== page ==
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The son of John Hooke, a minister, Hooke was a sickly boy; although he ultimately lived to be nearly seventy, his parents did not entertain serious hope for his very survival during the first few years of his life. His father, one of three or four brothers, all of whom found their calling in the church, intended young Robert for the ministry also; but when persistent headaches interrupted the intended program of study, his father abandoned the plan and left the boy to his own devices. What these would be was immediately manifest. When he saw a clock being dismantled, he promptly made a working replica from wood. He constructed ingenious mechanical toys, including a model of a fully rigged man-of-war which could both sail and fire a salvo. By his tenth birthday Hooke had already embraced what his biographer Richard Waller called “his first and last Mistress”—mechanics. His role in the history of science is inextricably bound to his skill in mechanics and his allied perception of nature as a great machine.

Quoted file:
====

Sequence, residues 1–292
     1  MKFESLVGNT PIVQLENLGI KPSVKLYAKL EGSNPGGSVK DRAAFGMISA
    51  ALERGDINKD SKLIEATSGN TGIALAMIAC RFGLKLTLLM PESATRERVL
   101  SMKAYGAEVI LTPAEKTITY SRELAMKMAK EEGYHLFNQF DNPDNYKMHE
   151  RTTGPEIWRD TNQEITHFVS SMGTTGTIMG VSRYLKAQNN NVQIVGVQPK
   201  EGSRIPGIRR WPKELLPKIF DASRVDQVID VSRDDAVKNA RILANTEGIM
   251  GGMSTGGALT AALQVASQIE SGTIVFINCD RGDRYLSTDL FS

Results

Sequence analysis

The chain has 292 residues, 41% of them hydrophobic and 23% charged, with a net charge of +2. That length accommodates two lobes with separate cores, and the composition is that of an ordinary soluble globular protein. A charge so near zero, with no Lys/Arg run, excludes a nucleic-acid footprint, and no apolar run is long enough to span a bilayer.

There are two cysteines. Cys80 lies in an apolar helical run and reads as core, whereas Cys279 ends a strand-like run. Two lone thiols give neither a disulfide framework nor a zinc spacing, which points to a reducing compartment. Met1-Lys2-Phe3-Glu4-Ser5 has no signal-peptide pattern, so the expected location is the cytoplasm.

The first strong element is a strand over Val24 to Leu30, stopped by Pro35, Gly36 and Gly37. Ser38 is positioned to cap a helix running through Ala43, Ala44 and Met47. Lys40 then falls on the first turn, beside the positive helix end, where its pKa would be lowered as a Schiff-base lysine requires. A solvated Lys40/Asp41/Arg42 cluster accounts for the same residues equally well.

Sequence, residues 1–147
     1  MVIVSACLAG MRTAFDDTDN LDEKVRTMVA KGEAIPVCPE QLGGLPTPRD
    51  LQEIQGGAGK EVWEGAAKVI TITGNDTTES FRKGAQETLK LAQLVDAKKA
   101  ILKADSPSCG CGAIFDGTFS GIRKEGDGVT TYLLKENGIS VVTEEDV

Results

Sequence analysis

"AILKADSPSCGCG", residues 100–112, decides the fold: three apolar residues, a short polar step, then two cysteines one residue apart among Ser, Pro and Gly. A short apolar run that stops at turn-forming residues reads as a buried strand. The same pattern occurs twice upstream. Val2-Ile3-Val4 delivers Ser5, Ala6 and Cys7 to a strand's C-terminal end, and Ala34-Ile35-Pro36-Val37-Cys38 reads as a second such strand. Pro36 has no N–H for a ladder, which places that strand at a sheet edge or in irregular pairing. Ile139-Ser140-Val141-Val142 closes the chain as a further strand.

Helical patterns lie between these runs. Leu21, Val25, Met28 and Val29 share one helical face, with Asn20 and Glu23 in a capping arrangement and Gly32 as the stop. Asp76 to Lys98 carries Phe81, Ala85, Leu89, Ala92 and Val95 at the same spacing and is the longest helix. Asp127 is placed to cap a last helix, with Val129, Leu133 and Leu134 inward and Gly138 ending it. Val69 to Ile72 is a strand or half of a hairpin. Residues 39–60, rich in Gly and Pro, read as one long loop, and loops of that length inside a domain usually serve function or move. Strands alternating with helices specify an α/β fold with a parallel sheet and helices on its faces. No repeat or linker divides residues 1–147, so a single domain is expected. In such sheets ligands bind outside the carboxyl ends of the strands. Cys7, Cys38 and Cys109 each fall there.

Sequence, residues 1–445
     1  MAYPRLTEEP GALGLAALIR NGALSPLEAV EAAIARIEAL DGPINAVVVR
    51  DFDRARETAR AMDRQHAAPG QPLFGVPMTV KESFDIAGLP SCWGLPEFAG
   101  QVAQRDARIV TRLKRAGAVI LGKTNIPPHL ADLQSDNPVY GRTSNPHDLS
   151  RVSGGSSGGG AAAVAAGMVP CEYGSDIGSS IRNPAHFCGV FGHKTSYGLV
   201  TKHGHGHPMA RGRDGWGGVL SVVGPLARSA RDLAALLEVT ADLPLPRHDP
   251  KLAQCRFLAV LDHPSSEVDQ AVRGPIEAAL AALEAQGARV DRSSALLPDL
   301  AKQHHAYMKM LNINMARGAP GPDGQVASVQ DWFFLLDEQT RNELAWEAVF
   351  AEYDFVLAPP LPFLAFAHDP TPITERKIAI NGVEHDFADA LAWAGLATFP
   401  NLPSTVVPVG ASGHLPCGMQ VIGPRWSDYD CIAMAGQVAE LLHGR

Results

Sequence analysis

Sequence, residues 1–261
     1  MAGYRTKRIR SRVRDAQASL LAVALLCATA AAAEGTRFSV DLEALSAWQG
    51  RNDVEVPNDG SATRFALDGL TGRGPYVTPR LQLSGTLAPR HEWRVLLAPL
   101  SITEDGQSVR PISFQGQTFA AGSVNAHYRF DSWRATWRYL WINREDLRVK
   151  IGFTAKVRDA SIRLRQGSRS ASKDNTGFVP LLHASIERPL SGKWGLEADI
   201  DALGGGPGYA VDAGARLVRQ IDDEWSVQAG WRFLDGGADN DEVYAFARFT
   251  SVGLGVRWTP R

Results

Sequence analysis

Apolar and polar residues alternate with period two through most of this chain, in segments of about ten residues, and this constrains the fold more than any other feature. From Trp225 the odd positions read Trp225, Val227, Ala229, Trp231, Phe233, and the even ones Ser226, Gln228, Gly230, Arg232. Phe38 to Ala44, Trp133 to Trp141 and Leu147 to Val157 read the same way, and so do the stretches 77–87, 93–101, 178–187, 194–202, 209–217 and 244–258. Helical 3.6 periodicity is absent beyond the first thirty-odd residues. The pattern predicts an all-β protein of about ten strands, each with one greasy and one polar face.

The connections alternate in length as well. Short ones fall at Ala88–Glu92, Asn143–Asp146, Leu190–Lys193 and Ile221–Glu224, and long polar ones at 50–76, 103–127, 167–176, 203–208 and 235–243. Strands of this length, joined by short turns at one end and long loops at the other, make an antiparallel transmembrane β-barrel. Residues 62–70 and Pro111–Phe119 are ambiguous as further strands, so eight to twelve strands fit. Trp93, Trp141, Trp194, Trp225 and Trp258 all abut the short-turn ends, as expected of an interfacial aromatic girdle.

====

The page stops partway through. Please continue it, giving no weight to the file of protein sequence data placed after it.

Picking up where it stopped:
When his father died in 1648, Hooke inherited £100. Since he had displayed some artistic talent, his family packed him off to London, where his legacy was to finance an apprenticeship to Sir Peter Lely. Hooke decided to save his money; and it was his good fortune that Richard Busby, the master of Westminster School, befriended him and took him into his home. The teacher had recognized the pupil. Not only did Hooke learn Latin, the staple of the secondary curriculum, together with Greek and a smattering of Hebrew; he also discovered mathematics. By his own account he devoured the first six books of Euclid in a week, and he proceeded to apply geometry to mechanics. Nor was mathematics all. By his own account again, he learned to play twenty lessons on the organ and invented thirty ways of flying. Having exhausted the resources of Westminster, he moved on to Oxford, where he entered Christ Church as a chorister in 1653.

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